So Savuica pulled together a work group that met every week, all sorts of people from lots of departments. They thought hard about what the company stood for and how to present that portrait to others. The brainstorming paid off. In fact, it was an entry-level person working in sales that thought up the new name: Lugera, The People Republic.
That gave them a foundation. Now the rest had to be built. And by now, they knew what they wanted. So the company went the typical route and called in the top branding agencies in Romania. Savuica explained the new concept and warned the agencies not to confuse Lugera with a typical multinational. “We’re not like any other company,” they were told. “They are sooooo serious. What they will not accept, we will accept.”
Eight agencies took the challenge and returned with three ideas each. None of them worked. Determined to press forward, Savuica told them to keep trying. This time, five of them came back. Again, each had ideas. Again, nothing was right.
So the company took over. Asking themselves “Who are we?” “How are we?” and “Who are our candidates?” they set out to do it in-house. They asked what would a new country need to have? How would it look? What would it say? How do they marry the principles with presentation? They concluded if it’s a country, employees needed passports not visitor’s cards. A coat of arms was designed to provide a clear symbol. They chose a lion for its strength yet placed a flower in its ear to show it was sensitive. Then they selected fuchsia as the color, because it was both daring and unique. And after nearly two years, the whole thing was launched with Savuica suddenly appointed as a High Councilor with the Supreme Court of The Ultimate Intelligence In Love, Sales & Beauty, fan of Raw.”
“I loved it,” said Gerard Koolen, a Lugera founder, majority owner and a former advertising executive (who despite being Group Managing Partner is listed on the website as President of the Federal Bureau of Innovations, Smiles, Total Action & All Is Possible.) “It covers what we think we are, or what we want to be. We are extremely innovative with such a different set of tools.”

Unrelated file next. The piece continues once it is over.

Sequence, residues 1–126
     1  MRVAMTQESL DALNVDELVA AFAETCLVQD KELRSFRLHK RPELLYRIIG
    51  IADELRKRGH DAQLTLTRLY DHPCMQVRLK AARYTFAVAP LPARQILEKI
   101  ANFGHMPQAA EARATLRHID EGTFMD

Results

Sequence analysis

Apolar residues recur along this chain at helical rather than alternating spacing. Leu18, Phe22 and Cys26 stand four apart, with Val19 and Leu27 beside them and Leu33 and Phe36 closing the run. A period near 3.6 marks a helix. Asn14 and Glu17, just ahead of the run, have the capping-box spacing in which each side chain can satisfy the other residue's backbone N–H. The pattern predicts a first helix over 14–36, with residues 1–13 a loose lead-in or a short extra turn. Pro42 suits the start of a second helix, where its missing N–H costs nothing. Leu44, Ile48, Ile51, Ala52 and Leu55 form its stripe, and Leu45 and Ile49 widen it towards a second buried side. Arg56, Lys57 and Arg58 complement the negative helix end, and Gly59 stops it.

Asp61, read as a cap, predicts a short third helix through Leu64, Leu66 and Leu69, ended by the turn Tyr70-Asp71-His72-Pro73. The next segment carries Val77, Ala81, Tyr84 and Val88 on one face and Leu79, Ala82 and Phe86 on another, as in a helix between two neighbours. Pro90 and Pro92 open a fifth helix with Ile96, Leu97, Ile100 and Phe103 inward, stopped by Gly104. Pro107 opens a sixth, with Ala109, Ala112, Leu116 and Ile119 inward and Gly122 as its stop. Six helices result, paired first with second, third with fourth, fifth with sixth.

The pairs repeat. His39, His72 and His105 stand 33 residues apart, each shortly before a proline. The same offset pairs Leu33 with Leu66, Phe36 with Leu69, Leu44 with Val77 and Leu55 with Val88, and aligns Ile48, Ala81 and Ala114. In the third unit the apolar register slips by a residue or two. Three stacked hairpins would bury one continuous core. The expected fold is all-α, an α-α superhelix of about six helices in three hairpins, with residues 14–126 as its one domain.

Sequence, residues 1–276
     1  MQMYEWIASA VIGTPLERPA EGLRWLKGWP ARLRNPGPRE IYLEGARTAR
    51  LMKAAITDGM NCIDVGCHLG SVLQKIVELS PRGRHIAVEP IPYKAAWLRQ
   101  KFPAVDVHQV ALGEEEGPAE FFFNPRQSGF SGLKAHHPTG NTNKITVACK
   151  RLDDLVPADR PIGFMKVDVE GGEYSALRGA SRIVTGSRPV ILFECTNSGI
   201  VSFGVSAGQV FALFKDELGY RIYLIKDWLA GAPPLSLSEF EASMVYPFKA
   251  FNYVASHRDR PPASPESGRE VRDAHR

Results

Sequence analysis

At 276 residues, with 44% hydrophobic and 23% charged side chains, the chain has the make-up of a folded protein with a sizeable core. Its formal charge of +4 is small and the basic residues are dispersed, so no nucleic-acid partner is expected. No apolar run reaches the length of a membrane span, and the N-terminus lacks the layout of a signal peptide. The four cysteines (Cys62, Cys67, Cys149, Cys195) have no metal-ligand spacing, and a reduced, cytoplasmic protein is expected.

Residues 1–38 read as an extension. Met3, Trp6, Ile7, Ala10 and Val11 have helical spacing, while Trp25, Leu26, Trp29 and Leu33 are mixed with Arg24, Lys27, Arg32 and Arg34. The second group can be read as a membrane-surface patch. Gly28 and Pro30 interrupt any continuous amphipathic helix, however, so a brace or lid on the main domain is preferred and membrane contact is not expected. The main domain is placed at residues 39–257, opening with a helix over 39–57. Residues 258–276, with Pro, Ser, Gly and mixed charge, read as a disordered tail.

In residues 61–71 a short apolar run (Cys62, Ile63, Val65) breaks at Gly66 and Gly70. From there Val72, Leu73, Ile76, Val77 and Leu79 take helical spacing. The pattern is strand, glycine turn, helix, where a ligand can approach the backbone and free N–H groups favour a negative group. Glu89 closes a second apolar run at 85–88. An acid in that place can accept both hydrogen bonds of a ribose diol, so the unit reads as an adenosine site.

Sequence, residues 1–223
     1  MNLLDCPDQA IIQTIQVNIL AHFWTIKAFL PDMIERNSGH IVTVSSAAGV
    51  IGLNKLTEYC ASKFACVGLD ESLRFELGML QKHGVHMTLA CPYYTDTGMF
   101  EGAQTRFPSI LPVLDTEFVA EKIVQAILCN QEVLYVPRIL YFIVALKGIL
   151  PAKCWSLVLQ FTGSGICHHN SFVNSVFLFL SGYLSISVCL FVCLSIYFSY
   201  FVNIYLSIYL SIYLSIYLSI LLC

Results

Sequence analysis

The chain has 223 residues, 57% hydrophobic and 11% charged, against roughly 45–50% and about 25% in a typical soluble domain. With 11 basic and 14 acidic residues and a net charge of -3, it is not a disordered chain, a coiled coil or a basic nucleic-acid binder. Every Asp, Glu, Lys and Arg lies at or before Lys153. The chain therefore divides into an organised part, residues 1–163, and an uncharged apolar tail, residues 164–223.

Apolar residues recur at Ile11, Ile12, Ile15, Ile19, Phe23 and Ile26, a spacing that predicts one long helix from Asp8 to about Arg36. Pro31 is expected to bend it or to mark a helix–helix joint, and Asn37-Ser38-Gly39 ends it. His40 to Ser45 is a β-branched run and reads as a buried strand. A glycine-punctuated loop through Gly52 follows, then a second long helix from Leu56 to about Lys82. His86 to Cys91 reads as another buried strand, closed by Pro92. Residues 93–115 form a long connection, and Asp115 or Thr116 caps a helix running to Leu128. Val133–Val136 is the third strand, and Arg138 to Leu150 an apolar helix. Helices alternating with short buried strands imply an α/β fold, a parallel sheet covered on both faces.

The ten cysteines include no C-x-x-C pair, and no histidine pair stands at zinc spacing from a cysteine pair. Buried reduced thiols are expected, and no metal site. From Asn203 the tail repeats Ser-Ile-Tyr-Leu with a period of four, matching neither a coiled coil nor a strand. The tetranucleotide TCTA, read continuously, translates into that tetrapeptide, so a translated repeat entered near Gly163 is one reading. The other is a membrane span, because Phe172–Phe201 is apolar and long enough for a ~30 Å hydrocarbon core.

As for the site, I won’t try to describe it. I don’t think I could. I recommend you take a look at www.lugera.com. You might not like it. I’m not sure I do. Indeed, you might be like some folks in Bulgaria who thought “The People Republic” sounded too communist. You might be as repelled as the big bank in Slovakia that cancelled its contract. Or you might agree with the person in Poland who thought the visitor’s card (the passport) was intended for a gay nightclub.
Then again, you might be like a different multinational in Slovakia that thought the idea was terrific. Or you might be like all the new candidates whose attention this caught, which led to a dramatic increase for Lugera’s business. Or you might even be like some others who asked Lugera if it would help in their own rebranding.
But I say that whatever you think, you must admire the attempt. Because being unique is not easy. But every business is unique. Even the creative agencies that exist to create imaginative ways to communicate new messages later told Savuica “we would never do this for somebody” and thought the result too daring, if not stupid. Even they, it seems, got caught in the trap of playing the game, merely repackaging the normal to stay “acceptable” and safe.
And that’s the real shame. Too often we try to avoid knowing who we are, to only present what we want others to see and to put off the truth – assuming we ourselves know it. And we create customers (or friends) who are set up for disappointment and a sense of betrayal. It’s a sure recipe for failure whether for business or ourselves.
“Come join us!” Lugera’s homepage concludes. “We promise a better life, a happier environment and a professional, yet relaxed way of doing business!”
Ok, so that might go a bit far. But somehow, in some ways, I can’t help but start thinking that maybe they’re right.